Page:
Jared Stewart-Ginsburg: ‘I Hope My Students Learn That Teaching Requires Reflection, Not Perfection’
Jared Stewart-Ginsburg will join the NC State College of Education in the 2023-24 academic year as an assistant teaching professor of special education.
He previously served as an assistant professor in the School of Education at Francis Marion University, a classroom teacher in Florida and as a family resource coordinator supporting parents raising children with disabilities in North Carolina.
Learn more about Stewart-Ginsburg below:
Why did you choose a career in education?
I wasn’t considering a career in education (I wanted to be a journalist), but when I was an undergraduate student, I volunteered as a tutor working with elementary-age students. At first, it was just for community service. But, I quickly realized how much I enjoyed finding ways to make content relevant and accessible, building relationships with students and families and seeing students’ growth. My teachers made a remarkable difference in my life, and I hope to make a similar contribution for my students.
What inspired you to pursue a doctoral degree?
After a few years of working with students and families as a teacher and family resource coordinator, I had a lot of questions about how to best support students with disabilities and their families. I enrolled in my master’s degree program to add tools to my toolbox and learn more evidence-based practices. When I finished, I felt more confident and competent, but realized I wanted to share these strategies and better prepare professionals to support students with disabilities in the classroom and community. To do that well, I needed to hone my research and college teaching skills, and I knew the doctoral program was the best way to do that.
What are your research interests?
Representation matters: Researchers consistently find that students who see themselves represented in their teachers have better academic, behavior and mental health outcomes. The vast majority of special education teachers are white. Perhaps as a result, special education teachers from minoritized backgrounds often encounter unique barriers during their preparation programs and once they begin teaching. Through my research and teaching, I hope to explore effective strategies to prepare, support and empower a diverse, equitable, resilient special education teacher workforce. I have also explored strategies for increasing community participation of students with disabilities, so that inclusion doesn’t end when the school day does.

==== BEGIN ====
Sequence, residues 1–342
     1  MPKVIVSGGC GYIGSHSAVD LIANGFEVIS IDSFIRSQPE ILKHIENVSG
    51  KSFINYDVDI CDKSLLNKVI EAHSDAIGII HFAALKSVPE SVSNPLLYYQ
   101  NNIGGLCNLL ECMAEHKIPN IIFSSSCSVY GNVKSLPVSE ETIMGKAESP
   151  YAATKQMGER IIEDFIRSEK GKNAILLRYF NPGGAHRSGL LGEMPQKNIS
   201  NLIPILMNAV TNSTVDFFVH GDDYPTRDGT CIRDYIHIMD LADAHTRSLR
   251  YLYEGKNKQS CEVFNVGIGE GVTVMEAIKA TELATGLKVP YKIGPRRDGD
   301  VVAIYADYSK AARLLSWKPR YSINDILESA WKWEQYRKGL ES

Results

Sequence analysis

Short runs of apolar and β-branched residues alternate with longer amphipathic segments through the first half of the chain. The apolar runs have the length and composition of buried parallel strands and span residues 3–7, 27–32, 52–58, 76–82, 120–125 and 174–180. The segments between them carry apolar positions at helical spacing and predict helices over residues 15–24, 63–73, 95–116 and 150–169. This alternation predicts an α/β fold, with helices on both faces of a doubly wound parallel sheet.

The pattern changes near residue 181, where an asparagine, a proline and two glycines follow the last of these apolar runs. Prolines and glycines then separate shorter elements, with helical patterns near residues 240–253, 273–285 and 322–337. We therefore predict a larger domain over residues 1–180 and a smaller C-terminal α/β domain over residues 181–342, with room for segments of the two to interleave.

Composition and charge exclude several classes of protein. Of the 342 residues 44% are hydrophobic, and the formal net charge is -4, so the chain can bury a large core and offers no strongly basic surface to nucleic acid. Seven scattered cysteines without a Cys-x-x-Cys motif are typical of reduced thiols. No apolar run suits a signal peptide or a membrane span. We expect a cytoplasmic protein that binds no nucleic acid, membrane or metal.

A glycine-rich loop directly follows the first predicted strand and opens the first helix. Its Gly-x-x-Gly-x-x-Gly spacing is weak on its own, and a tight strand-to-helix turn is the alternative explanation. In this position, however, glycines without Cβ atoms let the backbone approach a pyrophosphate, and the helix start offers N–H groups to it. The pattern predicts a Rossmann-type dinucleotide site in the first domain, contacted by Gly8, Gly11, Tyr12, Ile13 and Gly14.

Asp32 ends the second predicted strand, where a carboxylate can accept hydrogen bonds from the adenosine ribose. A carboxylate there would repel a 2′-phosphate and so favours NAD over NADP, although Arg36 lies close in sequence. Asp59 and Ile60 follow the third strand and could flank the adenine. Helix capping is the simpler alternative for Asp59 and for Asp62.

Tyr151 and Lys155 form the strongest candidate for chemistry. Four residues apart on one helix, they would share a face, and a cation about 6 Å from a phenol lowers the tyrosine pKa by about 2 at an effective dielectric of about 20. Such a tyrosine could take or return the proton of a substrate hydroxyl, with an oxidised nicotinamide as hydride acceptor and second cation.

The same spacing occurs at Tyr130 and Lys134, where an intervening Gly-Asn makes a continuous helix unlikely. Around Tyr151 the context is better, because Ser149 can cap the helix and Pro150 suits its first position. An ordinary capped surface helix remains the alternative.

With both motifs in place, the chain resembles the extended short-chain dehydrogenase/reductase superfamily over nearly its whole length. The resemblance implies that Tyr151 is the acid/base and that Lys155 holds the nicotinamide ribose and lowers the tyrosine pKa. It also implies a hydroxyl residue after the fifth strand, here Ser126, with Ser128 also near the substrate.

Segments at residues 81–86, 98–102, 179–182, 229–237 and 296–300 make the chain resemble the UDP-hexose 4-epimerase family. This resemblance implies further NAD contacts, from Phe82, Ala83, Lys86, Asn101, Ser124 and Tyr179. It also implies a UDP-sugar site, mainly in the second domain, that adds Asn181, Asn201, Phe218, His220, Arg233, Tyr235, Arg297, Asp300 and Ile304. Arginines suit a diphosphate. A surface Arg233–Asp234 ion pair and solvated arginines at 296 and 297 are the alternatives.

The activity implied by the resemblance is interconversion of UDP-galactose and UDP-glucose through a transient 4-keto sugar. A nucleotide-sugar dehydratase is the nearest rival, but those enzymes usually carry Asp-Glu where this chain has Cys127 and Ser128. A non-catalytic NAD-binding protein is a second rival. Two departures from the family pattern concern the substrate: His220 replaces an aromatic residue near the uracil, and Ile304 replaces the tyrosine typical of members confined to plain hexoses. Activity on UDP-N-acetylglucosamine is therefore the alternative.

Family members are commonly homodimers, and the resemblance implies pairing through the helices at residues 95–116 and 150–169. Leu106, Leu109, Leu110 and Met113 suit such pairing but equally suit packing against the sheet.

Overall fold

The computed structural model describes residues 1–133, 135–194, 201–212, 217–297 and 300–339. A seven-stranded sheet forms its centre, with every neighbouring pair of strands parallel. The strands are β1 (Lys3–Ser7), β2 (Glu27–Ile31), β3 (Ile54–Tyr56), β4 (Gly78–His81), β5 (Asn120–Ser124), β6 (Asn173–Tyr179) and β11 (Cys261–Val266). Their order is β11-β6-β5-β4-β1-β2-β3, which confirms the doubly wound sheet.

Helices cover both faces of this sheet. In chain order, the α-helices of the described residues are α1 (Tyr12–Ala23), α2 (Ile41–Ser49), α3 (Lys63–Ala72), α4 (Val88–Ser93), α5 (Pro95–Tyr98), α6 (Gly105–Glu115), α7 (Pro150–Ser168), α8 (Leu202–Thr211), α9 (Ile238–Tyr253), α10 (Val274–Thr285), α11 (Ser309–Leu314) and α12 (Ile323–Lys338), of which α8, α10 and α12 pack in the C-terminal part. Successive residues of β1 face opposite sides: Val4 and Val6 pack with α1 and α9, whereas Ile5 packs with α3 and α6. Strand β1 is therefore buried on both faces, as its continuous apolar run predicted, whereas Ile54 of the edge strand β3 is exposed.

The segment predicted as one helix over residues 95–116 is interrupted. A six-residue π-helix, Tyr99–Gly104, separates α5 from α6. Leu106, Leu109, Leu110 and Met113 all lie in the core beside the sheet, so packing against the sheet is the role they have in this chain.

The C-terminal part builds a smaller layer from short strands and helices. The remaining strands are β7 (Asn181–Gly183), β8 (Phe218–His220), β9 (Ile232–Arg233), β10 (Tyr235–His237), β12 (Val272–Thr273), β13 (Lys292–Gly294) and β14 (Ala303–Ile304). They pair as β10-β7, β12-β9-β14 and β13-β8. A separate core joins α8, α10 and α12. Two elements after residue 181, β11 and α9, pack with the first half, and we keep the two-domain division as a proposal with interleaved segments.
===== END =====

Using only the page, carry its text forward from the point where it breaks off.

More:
What sparked your interest in those topics?
I felt very supported through my master’s and doctoral programs, which was largely due to the importance placed on faculty and peer mentoring. This support made all the difference as a student and professional, and I hope to provide the same support to our students.
What is one moment or project in your academic career that you are particularly proud of?
Last spring, a student approached me with a situation from her internship placement and asked for my advice on how to best navigate it. At the end of the semester, she told me that while she initially rolled her eyes at what I said, the advice helped her succeed in her internship experience. I am most honored when students ask for advice or strategies, especially if it’s after they have graduated.
What is your teaching philosophy?
I aspire to “good and just teaching,” whereby teachers are agents of equity and use their instruction to enact change. This involves teaching both a required body of knowledge (what we call evidence-based practices in special education) while teaching students to critically examine these practices and confront the absoluteness of these practices. I view teaching as a dynamic, ongoing exchange between instructor and student. I try to emphasize “once my student, always my student” and find ways to support my students after they finish their time in the program. I hope to share knowledge of effective strategies while learning from and with them through their questions, insights and passion.
What do you hope your students learn from you?
Along with effective, equitable strategies, I hope my students learn that teaching requires reflection, not perfection. It is okay to make mistakes, reflect on and grow from these experiences. Teachers must offer themselves the same kindness and patience they offer their students.
What do you believe makes someone an extraordinary educator?
Extraordinary educators embody a caring community. Extraordinary educators, first and foremost, show they care about their students, families, colleagues, school and community. Extraordinary educators surround themselves with a community of people who will challenge them to consistently learn, reflect and aspire to be their best selves. To paraphrase a proverb, it takes a village to be a teacher.